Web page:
Also, said mission critical life support part is on the crew taxi vehicle, not the cycler. For reasons.

Then the thing demonstrably spins down. Old crew returns, separates on their vehicle (like the one Michael et al came up on), does EDL at Earth (dumping their counterwieght stage, presumably). Because when the crew transfer vehicle arrives (kingfisher) it seps the booster, docks the crew vehicle, then docks the booster. THEN spins back up. They could have despun the thing, then gone to the booster at their leisure.

 

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Saw some trailers, but didn't see the movie. It seemed like the basic setup was The Cold Equations, where the ship simply does not have enough resources for the extra person, and so the fundamental choice is one dies v. everyone dies. But since there were all kinds of action scenes and stuff, they must have had more to the plot than that.

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11 minutes ago, mikegarrison said:

Saw some trailers, but didn't see the movie. It seemed like the basic setup was The Cold Equations, where the ship simply does not have enough resources for the extra person, and so the fundamental choice is one dies v. everyone dies. But since there were all kinds of action scenes and stuff, they must have had more to the plot than that.

Exactly.

That story is really a sort of lifeboat story (with air vs eating the dead to stave off starvation, lol). The trouble is that it's really hard with redundancy to create a plausible plot device that doesn't just kill everyone or no one I think.

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1 hour ago, tater said:

Exactly.

That story is really a sort of lifeboat story (with air vs eating the dead to stave off starvation, lol). The trouble is that it's really hard with redundancy to create a plausible plot device that doesn't just kill everyone or no one I think.

In The Cold Equations, the problem is delta-v. The little landing boat doesn't have the fuel needed to land with the extra mass. And the stowaway can't land it herself, so even if the pilot wanted to sacrifice himself, it would have been useless.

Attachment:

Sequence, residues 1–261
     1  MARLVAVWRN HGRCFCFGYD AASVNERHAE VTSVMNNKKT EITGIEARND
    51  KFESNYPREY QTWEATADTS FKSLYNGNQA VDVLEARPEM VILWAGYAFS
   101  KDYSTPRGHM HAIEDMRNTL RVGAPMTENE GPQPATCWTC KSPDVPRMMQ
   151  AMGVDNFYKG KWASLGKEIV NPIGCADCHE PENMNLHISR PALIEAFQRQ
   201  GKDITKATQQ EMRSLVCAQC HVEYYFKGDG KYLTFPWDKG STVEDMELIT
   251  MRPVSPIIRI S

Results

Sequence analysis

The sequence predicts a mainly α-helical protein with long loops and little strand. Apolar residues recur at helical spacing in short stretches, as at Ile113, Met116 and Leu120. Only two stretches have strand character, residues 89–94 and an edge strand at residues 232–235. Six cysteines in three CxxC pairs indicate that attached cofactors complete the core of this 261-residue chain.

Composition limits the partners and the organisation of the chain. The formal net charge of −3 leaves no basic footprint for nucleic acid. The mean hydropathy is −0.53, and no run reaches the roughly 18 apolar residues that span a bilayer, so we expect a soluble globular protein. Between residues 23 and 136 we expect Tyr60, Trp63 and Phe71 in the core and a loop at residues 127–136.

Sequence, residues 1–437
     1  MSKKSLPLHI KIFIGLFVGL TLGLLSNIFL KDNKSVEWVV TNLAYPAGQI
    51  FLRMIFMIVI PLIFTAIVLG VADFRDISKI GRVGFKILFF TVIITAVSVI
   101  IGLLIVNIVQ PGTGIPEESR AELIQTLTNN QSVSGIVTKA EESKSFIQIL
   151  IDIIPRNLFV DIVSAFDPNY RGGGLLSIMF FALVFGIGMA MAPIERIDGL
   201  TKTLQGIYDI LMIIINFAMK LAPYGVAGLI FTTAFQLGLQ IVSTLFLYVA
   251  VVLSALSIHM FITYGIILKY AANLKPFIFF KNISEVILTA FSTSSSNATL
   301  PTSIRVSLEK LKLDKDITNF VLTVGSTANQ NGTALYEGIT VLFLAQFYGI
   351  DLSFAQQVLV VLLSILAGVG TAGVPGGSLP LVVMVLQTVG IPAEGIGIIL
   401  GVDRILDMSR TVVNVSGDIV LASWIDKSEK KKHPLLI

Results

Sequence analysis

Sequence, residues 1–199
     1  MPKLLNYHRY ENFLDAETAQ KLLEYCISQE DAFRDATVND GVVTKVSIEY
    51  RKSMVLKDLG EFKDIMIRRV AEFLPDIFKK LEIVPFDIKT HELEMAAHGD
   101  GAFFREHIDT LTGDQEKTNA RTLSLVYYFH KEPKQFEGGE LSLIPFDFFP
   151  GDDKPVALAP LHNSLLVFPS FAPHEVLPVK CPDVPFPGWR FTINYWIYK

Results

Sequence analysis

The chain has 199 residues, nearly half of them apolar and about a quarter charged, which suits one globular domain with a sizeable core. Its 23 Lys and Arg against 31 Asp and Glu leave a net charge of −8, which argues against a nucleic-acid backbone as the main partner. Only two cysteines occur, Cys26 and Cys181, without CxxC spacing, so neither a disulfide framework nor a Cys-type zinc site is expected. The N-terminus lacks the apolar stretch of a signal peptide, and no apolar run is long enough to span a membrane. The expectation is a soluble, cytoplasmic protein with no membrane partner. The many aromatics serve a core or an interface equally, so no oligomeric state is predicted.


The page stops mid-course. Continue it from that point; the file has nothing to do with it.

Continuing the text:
Edited by mikegarrison
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16 hours ago, tater said:

0.38g is Mars, so if you are going to Mars, why not set the cycler for that so the crew is acclimatized?

As for the long term effects of g levels below ~1—yeah, there is exactly zero data.

1 g was obviously for practical reasons, its pretty hard to get 0.38 g without an spinning space station or going to mars, this would break the budget of the movie a bit :) 

 

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2 hours ago, mikegarrison said:

In Kim Stanley Robinson's Mars books, they tended to adjust spin rates from earth-g to mars-g over time on the way, and then did the opposite on a trip back to earth. Seemed like a good idea to me, if you could do it.

Yeah, this makes a lot of sense. Use the spin-gravity to acclimate, since you have a long coast period anyway. Of course a cycler tends to be a shorter coast period but still.

The mission was said to be two years so I’m assuming they’re on a single Aldrin cycler where they launch from Earth to catch it, then drop off on Mars, then launch from Mars again to catch the same cycler on its return leg. 

Here are the mission patches for all the prior operational launches in this universe...


Some interesting Easter eggs here.

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2 hours ago, mikegarrison said:

In Kim Stanley Robinson's Mars books, they tended to adjust spin rates from earth-g to mars-g over time on the way, and then did the opposite on a trip back to earth. Seemed like a good idea to me, if you could do it.

If anything I wonder if that'd be much worse since you'd be constantly acclimatizing... our sensory systems work by taking one value and holding it, this is why if you continuously rotate with your eyes closed then stop you'd have your reference rotating rather than stationary.

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5 hours ago, magnemoe said:

1 g was obviously for practical reasons, its pretty hard to get 0.38 g without an spinning space station or going to mars, this would break the budget of the movie a bit :) 

Meh, you can tell people it's not 1g, then forget about it unless you want a throw away effect where someone drops something and it falls slowly, or they lift something that should be heavier, etc.